A man driving a logging truck from Mauston drove too fast for conditions and killed a 68-year-old retired reading educator riding her bike on a rural highway along Petenwell Lake, according to a police report released Wednesday.
No citations have been issued against the driver, Wayne Kobylski, 42, but police continue to investigate the crash on County Highway Z, one-quarter mile south of Alpine Road in the Town of Rome.
The reports lists Kobylski’s speed and improper overtaking as factors leading to the death of Judy Gause, who taught in the Wisconsin Rapids School District until 1999 and wrote individual journals to share with all nine of her grandchildren.
“They were the light of her life,” says a memorial posted to Grandma G. “She had a way of making each individual feel like they were her favorite.”
Judy and her husband, Robert, shared nearly 48 years of sailing, biking, kayaking, cross country skiing, running and traveling together.
On Nov. 4, Grandma G. was riding south on the picturesque two-lane highway in Adams County about 4 p.m. Kobylski’s semi-tractor trailer crashed into her from behind. Although the roadway at the crash site is flat and straight, the trucker told police he did not see Gause.
She became the 14th person killed in Wisconsin while riding a bicycle this year. In all but two of the fatalities, failure by the motorists to follow a basic rule of driving – be aware of what’s ahead – caused a death. Twelve of the victims were hit from behind by motorists.
It appears from police reports that four of the people on bicycles were riding at night without lights or proper high-visibility or reflective clothing. This may represent a contributing factor, but shouldn’t excuse the motorists who failed to be watchful for others on the road.
Ensuring the safety of ourselves and others should be our number one priority when we drive; more important than texting, eating, daydreaming or speeding to our next stop.
It’s also important to remember the key messages the Wisconsin Bike Fed shares through its Share & Be Aware program:
- Be mindful of speed. Even five miles per over the limit can mean the difference between avoiding a crash and causing one, and also the difference hurting someone or killing them. Few people know this, but it is actually illegal to drive over the posted limit even when passing.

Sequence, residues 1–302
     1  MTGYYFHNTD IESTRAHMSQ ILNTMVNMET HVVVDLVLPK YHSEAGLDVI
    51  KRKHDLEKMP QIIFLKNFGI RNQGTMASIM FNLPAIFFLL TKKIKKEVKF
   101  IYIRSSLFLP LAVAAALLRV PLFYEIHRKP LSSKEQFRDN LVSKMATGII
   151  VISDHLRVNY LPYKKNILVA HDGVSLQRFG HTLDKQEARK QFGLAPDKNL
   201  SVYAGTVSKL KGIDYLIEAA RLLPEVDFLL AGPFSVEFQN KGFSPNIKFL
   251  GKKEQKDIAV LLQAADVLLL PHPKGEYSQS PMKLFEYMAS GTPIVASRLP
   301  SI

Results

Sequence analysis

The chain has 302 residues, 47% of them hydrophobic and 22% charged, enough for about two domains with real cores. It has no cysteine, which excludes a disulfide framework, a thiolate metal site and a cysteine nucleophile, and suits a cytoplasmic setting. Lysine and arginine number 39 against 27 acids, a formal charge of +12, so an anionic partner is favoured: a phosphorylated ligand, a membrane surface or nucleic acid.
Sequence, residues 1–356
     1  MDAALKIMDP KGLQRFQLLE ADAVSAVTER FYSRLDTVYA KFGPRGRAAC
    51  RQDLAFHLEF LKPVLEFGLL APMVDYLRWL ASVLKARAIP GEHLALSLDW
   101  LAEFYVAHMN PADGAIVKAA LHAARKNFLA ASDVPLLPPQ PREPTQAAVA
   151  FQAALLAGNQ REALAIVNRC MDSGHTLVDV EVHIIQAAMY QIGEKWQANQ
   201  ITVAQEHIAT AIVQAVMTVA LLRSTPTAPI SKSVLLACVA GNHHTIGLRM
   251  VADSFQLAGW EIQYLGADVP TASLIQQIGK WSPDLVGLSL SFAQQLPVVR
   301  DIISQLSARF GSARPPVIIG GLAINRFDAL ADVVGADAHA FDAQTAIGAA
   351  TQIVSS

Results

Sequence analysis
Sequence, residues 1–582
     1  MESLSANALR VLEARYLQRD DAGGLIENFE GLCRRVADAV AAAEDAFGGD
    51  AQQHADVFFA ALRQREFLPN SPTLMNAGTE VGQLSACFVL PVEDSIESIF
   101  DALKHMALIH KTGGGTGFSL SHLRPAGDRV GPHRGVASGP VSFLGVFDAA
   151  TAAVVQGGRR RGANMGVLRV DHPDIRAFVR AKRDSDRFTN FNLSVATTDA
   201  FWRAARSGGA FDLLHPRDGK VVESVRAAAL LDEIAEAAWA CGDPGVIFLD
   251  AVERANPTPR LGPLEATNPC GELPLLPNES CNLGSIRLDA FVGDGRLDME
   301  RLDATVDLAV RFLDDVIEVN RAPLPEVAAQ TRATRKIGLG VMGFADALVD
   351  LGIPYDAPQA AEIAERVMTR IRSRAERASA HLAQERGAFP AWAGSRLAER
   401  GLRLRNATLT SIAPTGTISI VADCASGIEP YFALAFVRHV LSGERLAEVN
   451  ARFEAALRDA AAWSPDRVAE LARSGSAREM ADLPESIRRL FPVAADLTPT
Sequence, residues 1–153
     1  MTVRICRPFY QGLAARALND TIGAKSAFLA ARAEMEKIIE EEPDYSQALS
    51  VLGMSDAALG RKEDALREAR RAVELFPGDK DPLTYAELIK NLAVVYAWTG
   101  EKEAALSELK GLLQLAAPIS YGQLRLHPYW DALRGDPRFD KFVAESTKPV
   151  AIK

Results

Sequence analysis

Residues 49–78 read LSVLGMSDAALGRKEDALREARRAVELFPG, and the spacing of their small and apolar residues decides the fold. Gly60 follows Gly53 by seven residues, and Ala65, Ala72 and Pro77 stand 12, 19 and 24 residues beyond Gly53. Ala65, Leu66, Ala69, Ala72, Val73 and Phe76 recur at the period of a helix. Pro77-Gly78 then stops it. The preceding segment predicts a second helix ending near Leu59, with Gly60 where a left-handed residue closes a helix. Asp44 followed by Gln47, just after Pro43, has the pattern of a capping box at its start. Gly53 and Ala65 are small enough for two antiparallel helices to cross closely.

- Slow down: Drive slower than the posted limit when conditions make the posted speed limit unsafe, particularly when sharing a narrow road with more vulnerable road users walking and bicycling. There are many situations when we should slow down and drive well below the legal posted limi, such as if you have difficulty seeing the road ahead of you due to heavy rain, snow, sun glare, or sharp turns, or if slippery roads make steering difficult. In some situations, you may want to pull off the road altogether.
- When we are behind the wheel, we all need to remember to watch for people on bikes and foot: Bicycles are legal vehicles on Wisconsin roads and cyclists have the right to ride. Pedestrians have the right to cross roads at intersections and cross-walks, and the law requires motorists to yield to them. Nearly 30 percent of the pedestrians killed in Wisconsin are killed by motorists who failed to yield to them in a crosswalk.
- Walk against the flow of traffic on roads without sidewalks, but never ride your bike against the flow of traffic. State law requires people walking on roads without sidewalks to walk on the left side of the road, but it is illegal and much more dangerous to ride your bike against traffic.
346.28(1)Any pedestrian traveling along and upon a highway other than upon a sidewalk shall travel on and along the left side of the highway and upon meeting a vehicle shall, if practicable, move to the extreme outer limit of the traveled portion of the highway.
346.28(2) Operators of vehicles shall yield the right-of-way to pedestrians, bicyclists, and riders of electric personal assistive mobility devices on sidewalks as required by s. 346.47.
The number of people killed while riding bikes this year has reached the highest total in more than a decade, approaching the 18 killed in 1999. Reversing that trend should be simple.
All 15 fatal crashes in 2015 would have been prevented if the motorists (and in few cases the bicyclists) had followed the basic rules of the road. To be safe and protect others, click here for a refresher on the basics.